What have we forgotten?

Power corrupts. Absolute power corrupts completely

So goes the saying. When I think of “absolute power,” I think of kings of the medieval ages, or of infamous dictators who made explosive speeches in front of thousands. When I think of absolute power, my modern mind tries to grasp the concept of being stripped of my freedoms completely, and see it in the most physical (and terrifying) way possible, in the cruel punishment of physical bondage.

But evil is more slippery than that. As the saying goes, the road to hell is paved with good intentions. Like the best superhero movies, the villain is not always so obvious; he is a mix of both good and evil, a hybrid of our worst nightmares and greatest desires. But ultimately evil.

In his ground-breaking book, Why Liberalism Failed, Notre Dame Professor Patrick Deneen points to the all-reaching tentacles of Leviathan, that great, all-seeing state figure with absolute power, to the Liberal State. What is the “liberal state”? It is the state that has the protection of the right of individuals as its highest ideal, and thereby justifies any and all means necessary to enforce this. This is all really good. We all have rights, we should be able to do whatever it is that we want to do, right?

You can. But there’s a catch.

If people were to do whatever it is that they wanted, we can assume that a portion of these citizenry will not be complying with the law. The executive branch therefore, has to entrench itself in society in order to root out those that are not complying with the law. Lets put this in a tangible example.

Suppose John is a very kindly man who likes to wear a really really tall hat. He wears it everywhere, while at work, while going out and even at home. He really likes his hat. Everywhere he goes, doors are tall enough that allow him to enter without tipping his hat. Now suppose John goes one sunny day into a coffeeshop and -gasp!- his hat gets tipped! John is furious with the coffeeshop owner. He feels extremely embarrassed and goes to court with the case that the coffeeshop owner should have taller doors to allow him to enter without tipping his hat off.  The judges agrees with John’s request, and orders all doors in the state to be tall enough to allow John to enter without it tipping his hat. John is now very happy, but the store owner had to pay a steep price to accommodate the height of John’s hat, which never again graced that coffeeshop.

Now this might seem like a silly example, and it is, except that similar circumstances have indeed happened in the last few years like this -where the individual appeals to the large federal state in order protect his/her individual liberty. If you multiply this many times over, across a large population, the government will have to become extremely massive just so that it can enforce all the little rules and regulations and rights that its citizenry is asking for. As Professor Deneen writes:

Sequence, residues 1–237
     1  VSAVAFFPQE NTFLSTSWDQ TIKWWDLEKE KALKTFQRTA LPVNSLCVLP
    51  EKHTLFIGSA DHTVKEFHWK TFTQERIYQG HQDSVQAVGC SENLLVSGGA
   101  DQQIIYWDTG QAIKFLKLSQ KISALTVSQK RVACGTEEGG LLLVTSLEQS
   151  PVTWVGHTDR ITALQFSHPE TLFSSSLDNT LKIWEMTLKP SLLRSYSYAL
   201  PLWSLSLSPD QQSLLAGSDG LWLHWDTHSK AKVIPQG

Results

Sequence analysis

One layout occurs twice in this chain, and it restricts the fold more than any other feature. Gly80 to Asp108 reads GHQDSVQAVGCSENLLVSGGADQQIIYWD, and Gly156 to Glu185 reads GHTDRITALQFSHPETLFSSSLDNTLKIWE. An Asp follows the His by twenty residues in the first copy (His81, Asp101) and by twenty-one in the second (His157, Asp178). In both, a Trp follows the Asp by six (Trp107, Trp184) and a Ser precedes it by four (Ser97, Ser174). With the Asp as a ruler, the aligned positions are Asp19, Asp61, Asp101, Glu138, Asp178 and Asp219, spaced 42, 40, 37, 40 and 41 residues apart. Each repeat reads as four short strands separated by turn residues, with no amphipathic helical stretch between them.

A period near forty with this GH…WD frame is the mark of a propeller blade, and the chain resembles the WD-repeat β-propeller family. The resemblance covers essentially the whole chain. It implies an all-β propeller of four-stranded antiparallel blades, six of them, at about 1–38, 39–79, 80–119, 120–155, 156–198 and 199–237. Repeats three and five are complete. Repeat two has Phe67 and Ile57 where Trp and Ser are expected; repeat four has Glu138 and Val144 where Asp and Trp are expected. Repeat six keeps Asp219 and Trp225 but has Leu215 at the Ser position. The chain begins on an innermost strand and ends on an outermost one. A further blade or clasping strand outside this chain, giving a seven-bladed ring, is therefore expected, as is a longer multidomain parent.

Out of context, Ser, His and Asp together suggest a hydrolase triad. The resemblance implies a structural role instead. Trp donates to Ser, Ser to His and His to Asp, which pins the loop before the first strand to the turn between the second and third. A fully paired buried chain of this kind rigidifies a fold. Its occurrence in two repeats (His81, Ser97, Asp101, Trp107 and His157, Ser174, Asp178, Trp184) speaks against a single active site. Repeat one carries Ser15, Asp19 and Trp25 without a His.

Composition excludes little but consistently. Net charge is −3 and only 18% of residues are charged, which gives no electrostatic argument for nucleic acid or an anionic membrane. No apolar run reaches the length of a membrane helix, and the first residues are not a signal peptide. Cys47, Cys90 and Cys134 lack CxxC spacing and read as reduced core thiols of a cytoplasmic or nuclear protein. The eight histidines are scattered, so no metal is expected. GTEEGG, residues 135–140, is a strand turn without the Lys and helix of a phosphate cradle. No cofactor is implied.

“The result is the systemic rolling blackout in electoral politics, governance, and economics, the loss of confidence and even belief in legitimacy among the citizenry, that accumulate not as separable and discrete problems to be solved within the liberal frame but as interconnected crises of legitimacy and a portent of liberalism’s end times.”

In order to protect all the rampant “rights” of its citizens, the government ends up betraying them. This lends the government enormous, totalitarian power. The great insight of Professor Deneen was therefore in realizing that, “Liberalism has failed because liberalism has succeeded.” Whenever a philosophy goes against the natural inclinations of a society, the more suspicious we should be of it. A community seeks unity through friendships and the mingling of bloodlines. An absolutist state seeks the same through the dissemination of propaganda and “re-training classes”. A community will engage in warfare for political or economic reasons. An absolutist state will engage in it as a matter of ideological principle.

We must not be lured by ideology which promises everlasting peace and prosperity for all. We must not fall prey to those who say, “the government will take care of it!”, or, “the only way of achieving this is by socializing it!” (that is, through the imposition of high taxes and re-distribution at the state level). People who say such things are not being mindful of the millions of souls who paid the ultimate price because, they too, wanted to see a world of goodness but donned that responsibility to the state instead of their own selves.

To close, it might be well to finish with Tocqueville, who described the American people as a society who, “do more to honor their philosophy than to themselves.” Indeed, let’s think about how we can become better as individuals before trying to make everyone as a group, better.


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